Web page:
As told to Joie Bose
(Previously, we carried the husband’s point of view, and his explanation of how much he loves his wife.)
I got married when I was young, to my friend. We used to talk for hours, and I used to share everything with him. It seemed like I was moving in with a friend, initially. But it was only after we got married that it struck me that we were married.
What I feared about marriage
Marriage? I had always hated that thing. That thing was what made my mother suffer. That was the thing that made my father suffer. I could never understand that and trust me, I was always scared. I was scared that my marriage would make me suffer and I began preparing myself for the suffering.
My father had often cheated on my mother. He had girlfriends. Well, not one particular one who he loved, but many. It was more about everything else other than love. About ego satisfaction. It was about getting the work done. It was about just passing the time. I remember once my father had an affair with a servant. When he was caught almost red-handed, he denied it. He gave lame excuses. But the shock of that is terrible for a 16-year-old girl. The shock doubled ten years later when I caught him with my mother’s best friend.
An unequal alliance
My mother’s family was richer than my father’s and my mother was more educated than my father. It was not that my mother rubbed this in, but he suffered from an inferiority complex. Perhaps my mother was not able to establish solidly enough that money or pedigree failed in front of an honest heart and this caused a lot of tension between the two. They were always fighting. And my mother was perpetually sad. I remember seeing her swollen face every afternoon when I came home from school. She didn’t deserve this.
And I would hold my father responsible for her tears. To add to our woes, there were lots of loans that we had to repay. My mother would save a penny here and save a penny there. She would take a bus instead of taking a taxi. Walk a bit instead of taking a rickshaw. She would sacrifice a lot. It was terrible to see her suffer.
Related reading: Why her mother never left her father but committed suicide instead
The love was good but…
However, my mother and my father had had a rip-roaring love story, where they had eloped to get married. Their love story was very filmy with them coming from different castes and from different class, but they had overcome all the social barriers to be together and I was born, their much loved only child. And their story made me have the impression that love was a beautiful thing, but marriage was not. Marriage ruined things. This conception spilled over into my life.
Without realising this, I began awaiting doom in my marriage. We had kids, but I was terrified they would like me less than their father and I never scolded them. I didn’t control them at all. I was always scared of people stopping loving, as my parents had stopped loving each other.
Afraid of desertion
I was working in a newspaper house but I quit my job. I had stopped loving my job. You don’t stay if you stop loving something, you go. I couldn’t tell this to my parents, so I said this to myself. So, I quit my job and didn’t look for a job elsewhere, either. I just gave up. Deep down, I feared that my husband too would cheat on me, as my father cheated on my mother and that he would stop loving me.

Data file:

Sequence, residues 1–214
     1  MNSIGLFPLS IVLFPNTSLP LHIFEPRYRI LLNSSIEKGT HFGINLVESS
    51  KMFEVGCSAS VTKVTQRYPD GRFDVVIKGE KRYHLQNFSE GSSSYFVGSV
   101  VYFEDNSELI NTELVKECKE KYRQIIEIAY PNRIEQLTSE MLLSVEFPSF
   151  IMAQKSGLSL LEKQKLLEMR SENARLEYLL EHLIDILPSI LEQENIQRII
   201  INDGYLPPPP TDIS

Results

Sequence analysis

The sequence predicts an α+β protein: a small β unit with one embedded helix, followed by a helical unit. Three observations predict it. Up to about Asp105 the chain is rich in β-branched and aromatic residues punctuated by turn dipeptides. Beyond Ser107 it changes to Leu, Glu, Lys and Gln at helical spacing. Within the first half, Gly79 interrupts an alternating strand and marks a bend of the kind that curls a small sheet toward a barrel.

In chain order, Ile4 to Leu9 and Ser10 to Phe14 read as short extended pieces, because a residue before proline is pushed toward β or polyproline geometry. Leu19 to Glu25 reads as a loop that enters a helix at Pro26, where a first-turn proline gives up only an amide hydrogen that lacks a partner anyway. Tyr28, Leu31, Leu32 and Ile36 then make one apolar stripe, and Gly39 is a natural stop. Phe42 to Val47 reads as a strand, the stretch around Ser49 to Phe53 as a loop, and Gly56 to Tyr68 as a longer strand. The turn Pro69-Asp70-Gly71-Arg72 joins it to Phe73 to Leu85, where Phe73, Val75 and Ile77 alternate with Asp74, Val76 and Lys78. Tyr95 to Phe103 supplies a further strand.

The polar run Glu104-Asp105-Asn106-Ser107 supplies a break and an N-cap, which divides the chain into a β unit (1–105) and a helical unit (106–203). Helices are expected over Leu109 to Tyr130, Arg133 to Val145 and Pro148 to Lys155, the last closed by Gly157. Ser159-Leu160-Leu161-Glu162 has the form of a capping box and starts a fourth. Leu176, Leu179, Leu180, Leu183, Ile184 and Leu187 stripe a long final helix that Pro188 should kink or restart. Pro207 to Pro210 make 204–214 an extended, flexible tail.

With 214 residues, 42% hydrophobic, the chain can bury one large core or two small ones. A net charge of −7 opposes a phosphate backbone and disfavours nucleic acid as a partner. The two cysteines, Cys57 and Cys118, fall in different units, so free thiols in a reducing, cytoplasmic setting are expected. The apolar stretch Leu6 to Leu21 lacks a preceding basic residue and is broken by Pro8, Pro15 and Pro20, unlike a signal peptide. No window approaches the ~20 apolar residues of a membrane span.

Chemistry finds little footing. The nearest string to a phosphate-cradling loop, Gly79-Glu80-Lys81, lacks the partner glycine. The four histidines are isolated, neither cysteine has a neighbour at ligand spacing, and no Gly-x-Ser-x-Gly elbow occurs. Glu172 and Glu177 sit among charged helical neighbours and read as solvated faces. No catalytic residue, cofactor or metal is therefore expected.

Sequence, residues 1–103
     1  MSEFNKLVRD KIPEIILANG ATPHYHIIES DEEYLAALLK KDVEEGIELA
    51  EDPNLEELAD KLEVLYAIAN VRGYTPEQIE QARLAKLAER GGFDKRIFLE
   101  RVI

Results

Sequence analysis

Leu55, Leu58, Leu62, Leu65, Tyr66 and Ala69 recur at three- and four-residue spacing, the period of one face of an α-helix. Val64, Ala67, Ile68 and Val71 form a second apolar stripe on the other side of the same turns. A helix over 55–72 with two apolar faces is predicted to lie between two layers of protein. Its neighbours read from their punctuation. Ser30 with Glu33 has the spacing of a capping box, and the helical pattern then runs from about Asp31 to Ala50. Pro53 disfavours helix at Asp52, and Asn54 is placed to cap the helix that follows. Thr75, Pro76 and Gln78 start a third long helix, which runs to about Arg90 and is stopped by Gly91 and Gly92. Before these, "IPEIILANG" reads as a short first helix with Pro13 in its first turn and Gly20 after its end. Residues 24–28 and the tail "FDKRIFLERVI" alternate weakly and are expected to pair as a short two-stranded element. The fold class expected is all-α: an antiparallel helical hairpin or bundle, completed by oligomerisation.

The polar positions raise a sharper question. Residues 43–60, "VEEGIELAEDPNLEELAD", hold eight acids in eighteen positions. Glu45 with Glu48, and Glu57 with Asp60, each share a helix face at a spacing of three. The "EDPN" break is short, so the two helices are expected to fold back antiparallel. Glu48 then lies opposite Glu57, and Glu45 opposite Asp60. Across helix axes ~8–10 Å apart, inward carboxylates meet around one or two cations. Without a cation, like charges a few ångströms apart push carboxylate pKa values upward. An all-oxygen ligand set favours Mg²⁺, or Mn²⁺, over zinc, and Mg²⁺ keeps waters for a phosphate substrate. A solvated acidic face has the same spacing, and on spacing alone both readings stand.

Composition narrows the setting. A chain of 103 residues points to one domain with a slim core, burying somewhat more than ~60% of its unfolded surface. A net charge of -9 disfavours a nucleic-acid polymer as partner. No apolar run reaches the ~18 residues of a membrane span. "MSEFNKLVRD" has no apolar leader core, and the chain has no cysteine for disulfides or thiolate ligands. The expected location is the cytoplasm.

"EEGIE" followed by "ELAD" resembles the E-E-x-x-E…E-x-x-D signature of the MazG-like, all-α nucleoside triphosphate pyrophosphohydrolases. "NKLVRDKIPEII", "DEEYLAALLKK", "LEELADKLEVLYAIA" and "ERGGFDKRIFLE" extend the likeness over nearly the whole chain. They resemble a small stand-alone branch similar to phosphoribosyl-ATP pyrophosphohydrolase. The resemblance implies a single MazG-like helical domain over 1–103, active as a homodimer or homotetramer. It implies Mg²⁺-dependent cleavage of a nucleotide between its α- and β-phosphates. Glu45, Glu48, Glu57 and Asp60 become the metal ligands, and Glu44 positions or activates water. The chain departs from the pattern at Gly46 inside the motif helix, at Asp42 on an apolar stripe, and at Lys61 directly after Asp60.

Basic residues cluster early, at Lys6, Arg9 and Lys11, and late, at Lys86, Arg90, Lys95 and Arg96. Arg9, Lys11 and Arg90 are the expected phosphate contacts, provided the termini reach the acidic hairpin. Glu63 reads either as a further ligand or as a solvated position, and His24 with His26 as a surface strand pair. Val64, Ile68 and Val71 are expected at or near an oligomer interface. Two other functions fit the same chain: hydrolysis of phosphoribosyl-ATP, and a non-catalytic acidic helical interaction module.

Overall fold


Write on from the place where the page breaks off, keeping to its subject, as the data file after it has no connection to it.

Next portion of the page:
I stopped my entire life, just to prepare myself for this. And this happened over a decade.
Did I look for help? Yes. I got myself enrolled into an Art of Living class but I didn’t learn anything for I couldn’t really concentrate on anything they said. Nothing made me happy.
One day, I had sent my kids to my parents’ house when my in-laws were on vacation. My husband had called, and had asked me to make mutton. Suddenly I felt as if this weight was on me. As if, if I couldn’t make the mutton he would go away. Or worse, he would stop loving me. And before he could harm me, I had to harm myself. It was then I tried to slit my veins. I was unsuccessful and hence I ended up taking all the tablets that were in the house. I had to die immediately. What happened next, I don’t remember, but I felt at peace on one hand, and dizzy on the other. I woke up with a headache and a stomach ache in the hospital.
Related reading: I was so depressed I tried to commit suicide
There was an explanation
My doctor explained to me that I was suffering from clinical depression and that it was a disease. He told me that I need not fear my husband leaving me for all men are not the same. I meet him regularly and I confess all that I feel to him. He tells me what is right and what is wrong. It was he who explained to me why I felt what I felt and it was he who helped me figure out how my parents’ relationship affected my perceptions. I have also been taking medicines regularly. I feel secure when my husband is around, for he is a friend. Now I don’t fear him going away so much.
I am almost 50, but we are quite a rare sight. We still go out on dates and I dress up when we do. My ankles tingle when he smiles and my heart starts beating faster.
It is not that I don’t feel suicidal nowadays, but it’s less. When I do, I call my husband. I perhaps call him a bit too much, but he doesn’t mind. I hold on to my life dearly now, and do all I can to hold on, for age is not making my love wither, age is making it stronger. Every human being is not the same. All love is not the same. Every life is not the same. Every story is not the same.